The Royal Exchange Theatre has been a part of my life for most of my life.
For those not in the know (you will be people who have never been to Manchester, because if you have been you would have obviously visited the theatre), the Royal Exchange is a three tier theatre in the round housed within the magnificent Great Hall of the Royal Exchange buildings that was Manchester's trading centre used from the late 19th to early 20th century.
One of my earliest memories is seeing my mum walk through the stage as part of a crowd in (I think) the musical Leaping Ginger. She wasn't meant to be part of the performance, but we had tickets on the top tier and my mum had a dreaded fear of heights, so asked to be reseated, the only way to do this was to have her walk through the set at an opportune moment. Me and my sister sat amazed as we watched her parade through.
The theatre opened in 1978 and has seen an array of famous actors perform there. It always seems to me that the theatre itself is always the star and the intimacy of it makes even the grandest of luvvies that little bit humbler and makes for exceptional performances.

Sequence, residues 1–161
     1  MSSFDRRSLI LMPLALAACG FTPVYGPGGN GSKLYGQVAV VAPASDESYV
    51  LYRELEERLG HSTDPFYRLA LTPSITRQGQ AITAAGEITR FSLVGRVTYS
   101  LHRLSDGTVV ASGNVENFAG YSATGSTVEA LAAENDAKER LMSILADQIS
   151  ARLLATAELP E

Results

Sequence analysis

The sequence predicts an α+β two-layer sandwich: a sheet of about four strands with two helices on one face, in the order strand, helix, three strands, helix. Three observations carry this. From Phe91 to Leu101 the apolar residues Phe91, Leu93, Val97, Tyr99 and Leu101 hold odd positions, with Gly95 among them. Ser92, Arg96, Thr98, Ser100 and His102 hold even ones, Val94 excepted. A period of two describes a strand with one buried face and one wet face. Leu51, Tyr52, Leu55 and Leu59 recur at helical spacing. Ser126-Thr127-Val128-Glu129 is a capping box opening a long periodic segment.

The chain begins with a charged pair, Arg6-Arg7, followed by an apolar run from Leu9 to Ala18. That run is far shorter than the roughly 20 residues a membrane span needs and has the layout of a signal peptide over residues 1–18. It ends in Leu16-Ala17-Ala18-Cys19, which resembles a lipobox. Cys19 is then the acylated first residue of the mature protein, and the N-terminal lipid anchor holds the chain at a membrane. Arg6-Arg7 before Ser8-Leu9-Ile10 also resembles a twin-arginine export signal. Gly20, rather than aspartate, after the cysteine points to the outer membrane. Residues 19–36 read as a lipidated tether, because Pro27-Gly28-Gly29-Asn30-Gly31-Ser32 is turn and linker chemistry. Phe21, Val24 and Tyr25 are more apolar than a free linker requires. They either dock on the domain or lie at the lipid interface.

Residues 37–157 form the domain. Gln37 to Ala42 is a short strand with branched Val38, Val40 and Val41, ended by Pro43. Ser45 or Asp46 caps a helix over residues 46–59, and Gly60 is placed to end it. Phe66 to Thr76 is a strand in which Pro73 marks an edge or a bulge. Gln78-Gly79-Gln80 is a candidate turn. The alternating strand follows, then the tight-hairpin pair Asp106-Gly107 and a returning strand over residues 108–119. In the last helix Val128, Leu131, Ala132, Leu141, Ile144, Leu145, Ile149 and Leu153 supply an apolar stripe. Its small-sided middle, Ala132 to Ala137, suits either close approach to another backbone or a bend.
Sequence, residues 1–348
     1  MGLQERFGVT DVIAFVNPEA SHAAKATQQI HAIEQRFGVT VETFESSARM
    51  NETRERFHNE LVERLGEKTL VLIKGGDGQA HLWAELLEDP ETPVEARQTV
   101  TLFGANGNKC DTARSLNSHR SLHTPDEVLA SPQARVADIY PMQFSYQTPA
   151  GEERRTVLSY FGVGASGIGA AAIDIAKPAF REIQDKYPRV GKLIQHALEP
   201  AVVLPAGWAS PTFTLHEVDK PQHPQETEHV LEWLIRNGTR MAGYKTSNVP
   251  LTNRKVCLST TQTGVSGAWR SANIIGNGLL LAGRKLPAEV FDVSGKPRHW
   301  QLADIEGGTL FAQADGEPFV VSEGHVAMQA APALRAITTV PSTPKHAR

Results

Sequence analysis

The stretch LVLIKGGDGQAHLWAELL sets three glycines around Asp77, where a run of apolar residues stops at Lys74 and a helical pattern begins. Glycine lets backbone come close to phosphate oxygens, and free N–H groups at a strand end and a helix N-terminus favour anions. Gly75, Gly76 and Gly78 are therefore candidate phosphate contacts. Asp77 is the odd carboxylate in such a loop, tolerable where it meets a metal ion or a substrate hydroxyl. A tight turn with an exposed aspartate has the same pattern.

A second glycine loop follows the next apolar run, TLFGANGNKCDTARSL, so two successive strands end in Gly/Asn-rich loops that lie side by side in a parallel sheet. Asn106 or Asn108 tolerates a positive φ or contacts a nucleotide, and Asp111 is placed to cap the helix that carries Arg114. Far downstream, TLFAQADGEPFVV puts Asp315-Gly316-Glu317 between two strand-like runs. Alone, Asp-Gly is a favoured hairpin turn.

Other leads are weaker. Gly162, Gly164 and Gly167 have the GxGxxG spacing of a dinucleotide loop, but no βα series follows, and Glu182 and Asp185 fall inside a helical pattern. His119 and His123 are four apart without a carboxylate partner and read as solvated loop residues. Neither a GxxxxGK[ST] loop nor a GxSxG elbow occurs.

On Saturday 15th June 1996 the IRA bomb that destroyed large chunks of Manchester town centre also severely damaged the theatre. Walking towards the theatre a couple of weeks after that, in an eerily silent Manchester, seeing the bulding with blown out windows and looking like it would never reopen was one of the saddest things I've ever seen.
The theatre company managed to soldier on for the next couple of years with a travelling tent that housed a replica of the ground level of the stage. They even managed to reopen better than ever, in November 1998 with a second smaller performance space being launched.
I have a lot of memories of seeing stuff at the Royal Exchange, watching my dad enjoying Andy Capp: The Musical ("good old legs, what are your legs for? Walking!"), my mum's only stage performance, a sneaky afternoon off seeing a matinee of Waiting For Godot (I'm a rebel!), my wife and I laughing hysterically at a preview perfomance of Charley's Aunt and so many more.
Even memories of what I recall as bad productions leave good memories, my mum and I did something very rare and left at the interval of a production of Pinter's The Caretaker starring Charlie Drake, you can't like everything!
So thanks for the memories and keeping me cheerful.
One of the theatre's founders Richard Negri, has further details of the history of the theatre on his website.